With Rendez-Vous de Septembre behind us, a new set of trends has emerged for the catastrophe bond sector. Some that PCS has tracked since the end of 2012 remain, while new issues have inserted themselves firmly into the sector’s collective consciousness. With a big issuance year already upon us (once again), the market dialogue is shifting from attaining new issuance heights to broader maturation.
1. Market momentum
With more than $1.5 billion raised in the third quarter through catastrophe bonds — up more than 100 percent year over year — it’s clear that the market has maintained (if not increased) its second-quarter momentum. Several noteworthy transactions came to market — from first-time deals to innovative structures — showing that the sector’s growth is multidimensional.
2. Publicly managed entities
In a unique first-time issuance, First Mutual Transportation Assurance Co. sponsored MetroCat Re, a transaction that provides protection to New York’s Metropolitan Transportation Authority. This follows 2013 transactions from both Florida Citizens and Louisiana Citizens. The result is $590 million in catastrophe bonds from publicly managed entities this year. Publicly managed entity participation in the catastrophe bond market is thus growing, and it will be interesting to see if new players enter the space in the fourth quarter or ahead of hurricane season in 2014.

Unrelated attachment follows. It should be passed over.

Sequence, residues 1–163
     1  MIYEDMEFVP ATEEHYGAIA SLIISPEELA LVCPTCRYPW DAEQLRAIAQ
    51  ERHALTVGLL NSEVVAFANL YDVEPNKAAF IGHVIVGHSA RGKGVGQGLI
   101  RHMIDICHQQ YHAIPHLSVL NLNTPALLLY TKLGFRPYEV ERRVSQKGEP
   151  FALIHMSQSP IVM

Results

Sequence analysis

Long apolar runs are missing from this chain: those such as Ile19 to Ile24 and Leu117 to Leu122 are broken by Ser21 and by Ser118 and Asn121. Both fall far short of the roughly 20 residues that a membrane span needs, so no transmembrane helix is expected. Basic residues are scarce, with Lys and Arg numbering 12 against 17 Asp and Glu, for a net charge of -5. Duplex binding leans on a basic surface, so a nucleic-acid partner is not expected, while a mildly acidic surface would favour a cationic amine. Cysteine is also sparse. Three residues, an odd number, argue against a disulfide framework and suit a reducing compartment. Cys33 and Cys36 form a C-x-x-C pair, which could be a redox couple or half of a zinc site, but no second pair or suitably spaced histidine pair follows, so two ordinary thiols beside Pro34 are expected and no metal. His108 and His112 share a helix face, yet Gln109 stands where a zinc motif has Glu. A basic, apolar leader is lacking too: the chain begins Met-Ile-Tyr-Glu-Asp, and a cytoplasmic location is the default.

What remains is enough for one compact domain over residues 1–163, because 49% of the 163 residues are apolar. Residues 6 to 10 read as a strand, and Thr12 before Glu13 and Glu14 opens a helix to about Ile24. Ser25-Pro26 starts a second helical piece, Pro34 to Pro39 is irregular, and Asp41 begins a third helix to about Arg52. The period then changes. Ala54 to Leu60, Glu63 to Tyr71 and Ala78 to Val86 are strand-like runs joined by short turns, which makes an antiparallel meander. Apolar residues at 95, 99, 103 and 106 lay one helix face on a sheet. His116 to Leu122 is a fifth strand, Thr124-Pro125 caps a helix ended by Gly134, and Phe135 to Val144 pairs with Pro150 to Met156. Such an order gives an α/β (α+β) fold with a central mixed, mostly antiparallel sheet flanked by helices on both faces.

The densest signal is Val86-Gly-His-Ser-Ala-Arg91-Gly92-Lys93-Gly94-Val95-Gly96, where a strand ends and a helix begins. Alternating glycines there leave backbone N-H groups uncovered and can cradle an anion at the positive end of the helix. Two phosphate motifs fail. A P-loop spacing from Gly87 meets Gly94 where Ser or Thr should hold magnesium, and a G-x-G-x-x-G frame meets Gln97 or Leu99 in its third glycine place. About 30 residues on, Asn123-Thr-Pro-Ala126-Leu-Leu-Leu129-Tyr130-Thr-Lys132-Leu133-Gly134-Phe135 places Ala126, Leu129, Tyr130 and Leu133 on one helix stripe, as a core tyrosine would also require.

3. Capital sources
The flow of new entrants and additional capital into the ILS sector continues and appears to show no signs of slowing. The big question now being discussed across the sector is whether the pension fund sector will increase its allocation to the ILS asset class. Estimated to have $20 trillion to $30 trillion under management globally, the pension fund sector could have a profound impact on the property catastrophe reinsurance market as a whole.
4. Traditional versus capital markets capacity
This year’s Rendez-Vous de Septembre featured a greater level of capital markets participation than in past years, according to discussions with a wide range of market stakeholders. Increased accessibility and declining frictional costs have made catastrophe bonds and other ILS transactions viable risk and capital management tools for a wider range of sponsors, and many believe that this is fundamentally changing the property catastrophe market. The permanence of this new capital remains to be seen, as a debate continues between proponents of traditional reinsurance capital and those of capital markets alternatives.
5. Secondary market liquidity
As mentioned above, the market is now looking seriously at the need for a robust secondary market and how greater liquidity could be attained. This marks the beginning of what could be a major step toward real-time risk management: Investors would be able to enter and exit positions more easily, optimizing their portfolios quickly in the face of major events.